Dr. Robert A. Roessel Jr. (Founding Director) (1959-1966)
Dr. Robert Roessel, Jr. is recognized as a legendary leader in the field of American Indian education. In 1959, Dr. Roessel founded the Indian Education Research Center (now known as the Center for Indian Education) at ASU, still the only center of its type nationwide. As part of his outreach initiatives while directing the Center, he founded the first American Indian Community Action Programs, which served as the template for American Indian community-controlled schools. Dr. Roessel also established the Journal of American Indian Education in 1961 which continues to serve as a preeminent scholarly publication in the field. While directing the Center, he completed his doctorate at ASU while mentoring countless students who went on to pursue legendary careers themselves, such as former Navajo Nation Tribal Chairman Peterson Zah who later became ASU’s first Special Advisor to the President on American Indian Affairs.
Within his 55-year-long career in education, Dr. Roessel leaves behind a lifetime legacy of leadership. In 1966, he founded the Rough Rock Demonstration School (now the Rough Rock Community School) on the foundation of Navajo language, history and culture along with academics. In 1968, Dr. Roessel became the first president of the first tribally owned community college then called Navajo Community College (now Diné College). From 1966 to 1968, he was appointed to the War on Poverty Presidential Task Force and World Poverty Task by President Lyndon Johnson. In 1999, he was inducted in ASU’s Hall of Fame and in October of that same year he was honored with the university’s Lifetime Achievement Award.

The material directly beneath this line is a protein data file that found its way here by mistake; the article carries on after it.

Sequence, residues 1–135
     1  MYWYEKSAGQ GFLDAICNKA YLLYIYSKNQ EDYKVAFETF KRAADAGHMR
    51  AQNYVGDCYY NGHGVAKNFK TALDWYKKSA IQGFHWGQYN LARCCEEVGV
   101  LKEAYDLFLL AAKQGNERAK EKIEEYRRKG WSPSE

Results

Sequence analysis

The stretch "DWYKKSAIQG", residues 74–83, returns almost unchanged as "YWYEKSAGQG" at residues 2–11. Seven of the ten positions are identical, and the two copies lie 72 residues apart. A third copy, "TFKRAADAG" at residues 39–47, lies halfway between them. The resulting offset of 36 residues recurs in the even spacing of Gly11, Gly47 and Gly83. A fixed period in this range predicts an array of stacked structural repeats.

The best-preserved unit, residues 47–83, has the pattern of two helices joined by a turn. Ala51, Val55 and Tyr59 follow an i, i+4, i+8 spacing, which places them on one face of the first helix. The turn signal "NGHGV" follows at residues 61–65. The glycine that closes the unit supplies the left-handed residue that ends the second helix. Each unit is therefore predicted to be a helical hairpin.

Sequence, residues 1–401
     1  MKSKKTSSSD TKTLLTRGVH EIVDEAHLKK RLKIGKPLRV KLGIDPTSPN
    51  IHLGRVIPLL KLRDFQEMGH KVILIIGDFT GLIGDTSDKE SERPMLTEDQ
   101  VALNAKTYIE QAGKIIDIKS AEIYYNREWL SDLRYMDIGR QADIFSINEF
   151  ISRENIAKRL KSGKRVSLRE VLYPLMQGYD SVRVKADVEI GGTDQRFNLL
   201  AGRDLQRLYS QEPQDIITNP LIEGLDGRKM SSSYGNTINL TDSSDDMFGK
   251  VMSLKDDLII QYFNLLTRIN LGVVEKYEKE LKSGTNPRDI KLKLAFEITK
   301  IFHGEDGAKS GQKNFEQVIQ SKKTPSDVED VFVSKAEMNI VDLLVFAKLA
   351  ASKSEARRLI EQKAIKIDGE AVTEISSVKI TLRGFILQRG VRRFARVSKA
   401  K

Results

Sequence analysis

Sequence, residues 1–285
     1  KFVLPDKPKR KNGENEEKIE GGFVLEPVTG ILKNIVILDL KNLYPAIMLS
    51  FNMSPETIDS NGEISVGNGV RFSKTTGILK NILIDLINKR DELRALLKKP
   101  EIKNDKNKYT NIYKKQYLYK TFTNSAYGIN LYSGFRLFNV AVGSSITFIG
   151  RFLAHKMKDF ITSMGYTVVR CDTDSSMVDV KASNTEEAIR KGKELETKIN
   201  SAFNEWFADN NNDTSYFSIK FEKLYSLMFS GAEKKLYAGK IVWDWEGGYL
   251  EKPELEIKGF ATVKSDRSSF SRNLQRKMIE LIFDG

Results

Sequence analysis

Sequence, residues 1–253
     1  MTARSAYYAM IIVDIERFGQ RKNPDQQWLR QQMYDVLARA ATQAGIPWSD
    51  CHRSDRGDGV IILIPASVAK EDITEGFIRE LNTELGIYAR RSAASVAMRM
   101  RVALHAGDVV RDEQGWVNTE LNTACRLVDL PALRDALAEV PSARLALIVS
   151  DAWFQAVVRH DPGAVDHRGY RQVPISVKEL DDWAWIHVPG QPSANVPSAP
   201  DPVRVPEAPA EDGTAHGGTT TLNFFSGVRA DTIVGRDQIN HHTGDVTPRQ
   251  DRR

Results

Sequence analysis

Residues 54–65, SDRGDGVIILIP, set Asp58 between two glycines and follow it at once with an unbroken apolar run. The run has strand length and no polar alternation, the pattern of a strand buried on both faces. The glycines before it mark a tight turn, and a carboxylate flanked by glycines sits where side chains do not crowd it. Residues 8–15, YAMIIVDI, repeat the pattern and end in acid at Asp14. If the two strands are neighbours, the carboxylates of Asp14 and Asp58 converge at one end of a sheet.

His voluminous writings include “Indian Communities in Action,” “Pictorial History of the Navajo from 1860 to 1910,” and “Navajo Education: Its Problems and Progress.” Prior to coming to ASU, Dr. Roessel received his bachelor’s and master’s degrees from Washington University in St. Louis, MO. Dr. Roessel was born in St. Louis, MO, on August 26, 1926 and he passed away on February 16, 2006.